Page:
Asset Sale – Price Allocation
- Jack Bernstein, Aird & Berlis LLP
In this article, the tax consequences to the vendor and the purchaser on the sale of different assets will be reviewed. The purchaser will prefer to allocate the purchase price to inventory and to depreciable property. On the other hand, the vendor may prefer to sell goodwill or capital property and allocate less to depreciable property. The allocation of the price may also have an impact on the harmonized sales tax and land transfer tax. If the vendor is compensated for prepaid expenses such as rent, interest, taxes, and services, the vendor will be taxable if the amounts had been previously deducted. The purchaser will be entitled to deduct the amount paid over the period to which the expenses relate.Note1
On the sale of inventory, the three-year reserve for unpaid amounts in paragraph 20(1)(n) may be available. The purchaser will treat the amount paid as the cost of inventory.
In the case of depreciable property, the vendor will be taxable on recapture, and no reserve is available. Recaptured depreciation is considered to be active business income for the purposes of the small business deduction. If a capital gain arises, the five-year capital gains reserve may be available if there is a balance of sale.Note2 A terminal loss may arise on depreciable property when the purchase price is less than the undepreciated capital cost of the property.
The purchaser will be entitled to claim capital cost allowance on depreciable property, depending on the class. Generally, the purchaser will be subject to the half-year rule(that is, only one-half of the capital cost allowance ordinarily available may be claimed in the year of purchase) unless the available-for-use rule applies. If the fiscal year of the purchaser is less than 365 days (for example, when a shelf company is used), it will be necessary to prorate the amount of capital cost allowance available in the first year based on the number of days that the purchaser was in existence. Note that the assets that are acquired may not fall into the same class in which they were held by the vendor. The rate of capital cost allowance may have been changed over the years and assets acquired by the vendor before a specific date may have continued to be in a separate class.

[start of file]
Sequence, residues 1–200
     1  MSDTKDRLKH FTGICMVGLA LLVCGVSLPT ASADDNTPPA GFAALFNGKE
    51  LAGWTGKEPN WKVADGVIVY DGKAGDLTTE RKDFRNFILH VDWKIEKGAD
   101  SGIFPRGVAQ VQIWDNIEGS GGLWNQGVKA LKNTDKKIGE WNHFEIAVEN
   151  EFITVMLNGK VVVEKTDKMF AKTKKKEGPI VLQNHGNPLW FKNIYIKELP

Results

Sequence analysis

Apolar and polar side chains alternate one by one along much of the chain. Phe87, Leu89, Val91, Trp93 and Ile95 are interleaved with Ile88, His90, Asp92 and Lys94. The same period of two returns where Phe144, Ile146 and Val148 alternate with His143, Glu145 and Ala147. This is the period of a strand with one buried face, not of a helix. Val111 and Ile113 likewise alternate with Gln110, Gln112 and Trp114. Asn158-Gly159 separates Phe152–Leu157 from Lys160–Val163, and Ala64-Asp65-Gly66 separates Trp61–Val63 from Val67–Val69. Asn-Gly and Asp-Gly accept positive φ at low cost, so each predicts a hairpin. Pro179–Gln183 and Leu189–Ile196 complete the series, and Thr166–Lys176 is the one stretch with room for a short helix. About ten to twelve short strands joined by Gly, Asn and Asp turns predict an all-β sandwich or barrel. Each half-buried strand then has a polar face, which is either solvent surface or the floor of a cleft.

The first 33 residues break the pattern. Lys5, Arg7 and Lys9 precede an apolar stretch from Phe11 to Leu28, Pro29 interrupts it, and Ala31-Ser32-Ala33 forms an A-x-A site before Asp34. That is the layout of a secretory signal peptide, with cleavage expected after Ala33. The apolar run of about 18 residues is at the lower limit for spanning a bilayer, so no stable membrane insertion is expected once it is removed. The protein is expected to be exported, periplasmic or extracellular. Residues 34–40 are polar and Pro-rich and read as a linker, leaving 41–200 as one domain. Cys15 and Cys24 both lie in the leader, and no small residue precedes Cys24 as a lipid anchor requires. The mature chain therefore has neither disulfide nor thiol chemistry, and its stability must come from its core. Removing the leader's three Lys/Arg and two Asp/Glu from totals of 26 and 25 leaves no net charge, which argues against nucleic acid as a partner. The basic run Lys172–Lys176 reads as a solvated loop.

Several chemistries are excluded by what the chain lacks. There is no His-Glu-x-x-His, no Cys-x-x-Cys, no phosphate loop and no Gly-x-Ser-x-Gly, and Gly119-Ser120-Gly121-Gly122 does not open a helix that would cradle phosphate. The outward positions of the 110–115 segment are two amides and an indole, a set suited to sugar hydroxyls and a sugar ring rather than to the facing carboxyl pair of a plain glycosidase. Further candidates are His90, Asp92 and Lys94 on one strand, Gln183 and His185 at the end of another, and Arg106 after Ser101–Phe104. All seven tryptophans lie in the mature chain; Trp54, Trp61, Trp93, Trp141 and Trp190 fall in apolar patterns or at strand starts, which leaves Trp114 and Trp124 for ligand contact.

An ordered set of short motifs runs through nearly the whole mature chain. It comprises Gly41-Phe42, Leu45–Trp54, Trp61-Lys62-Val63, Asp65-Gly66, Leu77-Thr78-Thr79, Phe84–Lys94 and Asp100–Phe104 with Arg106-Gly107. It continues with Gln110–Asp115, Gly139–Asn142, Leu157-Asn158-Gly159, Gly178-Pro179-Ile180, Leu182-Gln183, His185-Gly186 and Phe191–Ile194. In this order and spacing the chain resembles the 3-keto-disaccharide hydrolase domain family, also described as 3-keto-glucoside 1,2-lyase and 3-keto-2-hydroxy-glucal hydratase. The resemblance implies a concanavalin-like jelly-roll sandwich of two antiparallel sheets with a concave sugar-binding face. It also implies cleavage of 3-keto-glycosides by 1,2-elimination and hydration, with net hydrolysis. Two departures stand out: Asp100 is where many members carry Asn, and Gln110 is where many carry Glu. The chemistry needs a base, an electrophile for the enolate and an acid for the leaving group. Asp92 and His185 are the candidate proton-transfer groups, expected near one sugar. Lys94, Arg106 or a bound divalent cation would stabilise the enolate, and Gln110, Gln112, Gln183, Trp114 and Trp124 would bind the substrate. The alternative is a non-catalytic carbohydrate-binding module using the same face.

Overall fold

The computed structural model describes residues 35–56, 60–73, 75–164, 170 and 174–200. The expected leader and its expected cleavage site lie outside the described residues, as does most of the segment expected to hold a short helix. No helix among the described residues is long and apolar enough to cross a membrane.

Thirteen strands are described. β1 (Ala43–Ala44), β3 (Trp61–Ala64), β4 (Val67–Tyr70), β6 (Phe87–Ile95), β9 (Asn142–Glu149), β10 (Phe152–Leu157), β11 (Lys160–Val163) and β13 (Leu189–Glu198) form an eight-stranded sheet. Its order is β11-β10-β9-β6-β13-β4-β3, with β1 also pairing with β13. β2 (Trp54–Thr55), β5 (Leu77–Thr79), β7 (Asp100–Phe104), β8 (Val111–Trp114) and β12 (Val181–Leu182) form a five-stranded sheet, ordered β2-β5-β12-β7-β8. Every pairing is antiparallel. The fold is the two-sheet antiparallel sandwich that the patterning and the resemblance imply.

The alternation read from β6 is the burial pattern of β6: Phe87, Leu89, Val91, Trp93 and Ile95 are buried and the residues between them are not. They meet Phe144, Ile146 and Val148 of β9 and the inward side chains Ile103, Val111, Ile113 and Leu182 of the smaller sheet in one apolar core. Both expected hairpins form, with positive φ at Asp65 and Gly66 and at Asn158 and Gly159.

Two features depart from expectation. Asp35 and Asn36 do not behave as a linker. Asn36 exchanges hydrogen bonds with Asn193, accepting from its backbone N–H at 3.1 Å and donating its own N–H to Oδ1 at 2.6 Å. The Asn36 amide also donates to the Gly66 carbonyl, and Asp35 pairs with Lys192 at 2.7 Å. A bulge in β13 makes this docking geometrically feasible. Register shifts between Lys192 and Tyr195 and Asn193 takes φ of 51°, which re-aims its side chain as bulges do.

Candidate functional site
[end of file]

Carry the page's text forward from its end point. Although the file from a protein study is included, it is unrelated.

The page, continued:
On the disposition of non-depreciable capital property, a capital gain or capital loss maybe realized or incurred. For the purchaser, the amount paid will represent the capital cost of the property.
If accounts receivable are sold, the taxpayer should consider filing an election under section 22. The election is only available if at least 90% of the assets of the vendor used in a business carried on in Canada are sold.Note3 If the accounts receivable are sold at a discount (which is common), the vendor will be entitled to deduct the shortfall. By making the election, the purchaser preserves the right to claim a deduction for a bad debt in connection with the receivables that are acquired. In the absence of such election, any uncollected amount would be treated as a capital loss.
The sale of a leasehold interest is treated as a capital gain (assuming that the vendor did not claim capital cost allowance on the leasehold interest). The purchaser may deduct the amount paid for the leasehold interest over the remaining term of the lease plus the first renewal period (over a minimum of six years, including the half-year rule). Often, the business will have goodwill of location, and it is possible to allocate an amount to the purchase of the lease. This may be preferable, from the standpoint of the purchaser, to making a greater allocation to goodwill.